Ayende @ Rahien - Fri, 04/18/2014 - 10:00

One of the nice features that Voron got from LMDB is the notion of multi trees. If I recall correctly, LMDB calls them duplicate items, or something like that. Basically, it is the ability to store multiple values for a single key.

Update: The behavior described in this post has been in LMDB for the over 3 years. It is just something that Voron didn't have. Please note that this post discuss the Voron's limitation and its solution, not LMDB, which has had the solution for a long time.

Those items are actually stored as a nested tree, which effectively gives us a great way to handle duplicates. From an API standpoint, this looks like this:

// store
tree.MultiAdd(tx, "Eini", "users/1");
tree.MultiAdd(tx, "Eini", "users/3");
tree.MultiAdd(tx, "Eini", "users/5");



//read 
using(var it = tree.MultiRead(tx, "Eini"))
{
    if(it.Seek(Slice.BeforeAllKeys) == false)
        yield break;
    do
    {
        yield return it.CurrentKey; // "users/1", "users/3", "users/5"
    }while(it.MoveNext());
}

Internally, we handle this in the following fashion:

  • If a multi add operation is the very first such operation, we’ll add it as a simple key/value pair in the tree.
  • If a multi add operation is the 2nd such operation, we’ll create a new tree, and add both operations to the new tree. The original tree will have the key/nested tree reference stored.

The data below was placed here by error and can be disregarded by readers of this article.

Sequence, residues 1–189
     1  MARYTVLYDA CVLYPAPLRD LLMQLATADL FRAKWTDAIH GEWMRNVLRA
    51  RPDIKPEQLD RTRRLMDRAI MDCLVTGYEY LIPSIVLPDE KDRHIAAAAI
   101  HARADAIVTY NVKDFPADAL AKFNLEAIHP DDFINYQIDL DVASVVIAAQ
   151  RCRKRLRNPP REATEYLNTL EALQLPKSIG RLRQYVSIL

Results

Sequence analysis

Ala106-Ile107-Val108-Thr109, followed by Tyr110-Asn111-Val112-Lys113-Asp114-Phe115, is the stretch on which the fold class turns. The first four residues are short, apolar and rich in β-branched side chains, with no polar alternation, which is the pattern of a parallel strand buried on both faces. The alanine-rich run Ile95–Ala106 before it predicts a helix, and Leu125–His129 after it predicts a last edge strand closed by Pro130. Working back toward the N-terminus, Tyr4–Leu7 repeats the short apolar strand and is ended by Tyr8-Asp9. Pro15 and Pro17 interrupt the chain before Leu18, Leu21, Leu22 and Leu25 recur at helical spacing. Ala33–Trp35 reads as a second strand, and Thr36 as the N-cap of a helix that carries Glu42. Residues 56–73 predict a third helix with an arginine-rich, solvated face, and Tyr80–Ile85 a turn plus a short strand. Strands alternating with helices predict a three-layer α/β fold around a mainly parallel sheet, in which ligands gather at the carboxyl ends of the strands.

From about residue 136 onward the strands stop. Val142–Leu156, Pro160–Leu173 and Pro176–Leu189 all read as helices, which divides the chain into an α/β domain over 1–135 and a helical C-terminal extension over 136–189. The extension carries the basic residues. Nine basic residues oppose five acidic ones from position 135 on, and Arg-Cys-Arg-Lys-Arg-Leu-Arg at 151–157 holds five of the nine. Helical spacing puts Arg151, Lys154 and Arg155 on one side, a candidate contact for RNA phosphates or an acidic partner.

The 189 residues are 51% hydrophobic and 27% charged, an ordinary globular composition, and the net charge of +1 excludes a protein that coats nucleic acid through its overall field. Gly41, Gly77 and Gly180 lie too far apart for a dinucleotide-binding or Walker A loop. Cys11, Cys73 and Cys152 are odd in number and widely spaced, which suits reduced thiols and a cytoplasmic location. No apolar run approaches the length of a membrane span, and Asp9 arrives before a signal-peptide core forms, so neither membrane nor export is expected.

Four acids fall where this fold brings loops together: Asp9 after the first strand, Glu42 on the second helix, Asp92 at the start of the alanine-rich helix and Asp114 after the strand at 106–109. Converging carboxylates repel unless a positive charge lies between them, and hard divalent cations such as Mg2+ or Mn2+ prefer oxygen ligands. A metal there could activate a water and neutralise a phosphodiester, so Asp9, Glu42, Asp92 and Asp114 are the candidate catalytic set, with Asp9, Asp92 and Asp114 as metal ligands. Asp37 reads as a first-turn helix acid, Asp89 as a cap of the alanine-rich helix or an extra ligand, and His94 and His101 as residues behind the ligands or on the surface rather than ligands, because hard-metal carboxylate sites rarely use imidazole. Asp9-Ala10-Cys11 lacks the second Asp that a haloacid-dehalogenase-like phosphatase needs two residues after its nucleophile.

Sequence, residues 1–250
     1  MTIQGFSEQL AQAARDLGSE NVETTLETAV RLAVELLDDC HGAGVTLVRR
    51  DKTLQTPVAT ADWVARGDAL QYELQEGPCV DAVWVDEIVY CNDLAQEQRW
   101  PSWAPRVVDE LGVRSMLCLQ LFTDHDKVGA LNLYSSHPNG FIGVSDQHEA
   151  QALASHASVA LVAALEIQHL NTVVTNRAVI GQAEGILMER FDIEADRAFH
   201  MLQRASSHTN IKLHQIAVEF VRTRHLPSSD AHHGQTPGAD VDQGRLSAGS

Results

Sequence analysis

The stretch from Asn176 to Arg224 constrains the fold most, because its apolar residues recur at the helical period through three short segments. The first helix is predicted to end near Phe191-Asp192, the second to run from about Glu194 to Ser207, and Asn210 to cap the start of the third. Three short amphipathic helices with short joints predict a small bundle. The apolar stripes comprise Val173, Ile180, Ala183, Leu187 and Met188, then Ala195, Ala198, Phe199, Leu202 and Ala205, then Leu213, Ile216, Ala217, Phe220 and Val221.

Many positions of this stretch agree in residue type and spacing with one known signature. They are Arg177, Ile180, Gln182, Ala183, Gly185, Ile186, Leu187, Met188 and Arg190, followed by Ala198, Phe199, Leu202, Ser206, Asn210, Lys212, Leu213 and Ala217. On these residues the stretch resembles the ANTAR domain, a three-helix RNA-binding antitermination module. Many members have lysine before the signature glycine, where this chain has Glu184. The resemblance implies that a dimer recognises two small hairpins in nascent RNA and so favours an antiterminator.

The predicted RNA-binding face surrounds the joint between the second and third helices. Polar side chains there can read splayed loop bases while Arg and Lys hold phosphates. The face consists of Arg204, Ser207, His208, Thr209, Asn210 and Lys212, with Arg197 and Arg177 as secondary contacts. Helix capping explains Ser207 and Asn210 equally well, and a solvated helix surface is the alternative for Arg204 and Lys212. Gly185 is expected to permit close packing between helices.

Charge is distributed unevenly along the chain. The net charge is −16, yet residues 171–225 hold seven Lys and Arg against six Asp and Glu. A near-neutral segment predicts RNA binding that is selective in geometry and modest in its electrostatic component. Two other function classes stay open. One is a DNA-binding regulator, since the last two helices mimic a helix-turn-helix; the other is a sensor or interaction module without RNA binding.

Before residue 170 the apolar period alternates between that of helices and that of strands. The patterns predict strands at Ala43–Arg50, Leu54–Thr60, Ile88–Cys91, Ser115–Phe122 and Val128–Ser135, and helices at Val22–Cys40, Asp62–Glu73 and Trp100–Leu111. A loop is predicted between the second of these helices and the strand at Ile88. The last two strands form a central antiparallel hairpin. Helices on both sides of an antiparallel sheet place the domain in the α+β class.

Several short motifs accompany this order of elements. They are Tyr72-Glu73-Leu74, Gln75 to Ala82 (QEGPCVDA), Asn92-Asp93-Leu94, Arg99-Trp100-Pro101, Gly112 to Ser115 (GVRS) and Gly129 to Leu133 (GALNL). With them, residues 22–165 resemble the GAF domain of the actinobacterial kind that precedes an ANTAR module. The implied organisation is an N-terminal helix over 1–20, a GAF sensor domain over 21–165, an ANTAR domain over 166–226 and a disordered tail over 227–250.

That lead to a very easy to use API, which is quite useful in many cases. However, it also have space usage implication. In particular, a tree means that we have to allocate at least one page to it. And that means that we have to allocate 4KB to hold any multi tree with more than a single value. Since there are actually a lot of scenarios where we would want to store a small number of small values, that can often lead to a lot of waste on our part. We use 4KB to store data that we could have stored in just 64 bytes, for example. That means that when we want to actually store things that might be duplicated, we actually need to consider the taken space consideration as well.

I think that this is a pretty bad idea, because it leads us to do things with composite keys under some scenarios. That is something that Voron should be able to just handle for me.  So we changed that, in fact, what we did was changed the way we approach multi trees in general. Now, for every multi value, we can store up to 1KB of items in the same page as the key, before we devolve into a full blown multi tree.

The idea is that we can use the same Page mechanism we use elsewhere, and just have a nested page inside the parent page. As long as the nested page is small enough, we can just store it embedded. That result in some nice space saving. Since usually we have items in the following counts: zero, one, few, lots.

We need this to help with Corax, and in general, that would reduce the amount of space we need to use in many cases.

Categories: Blogs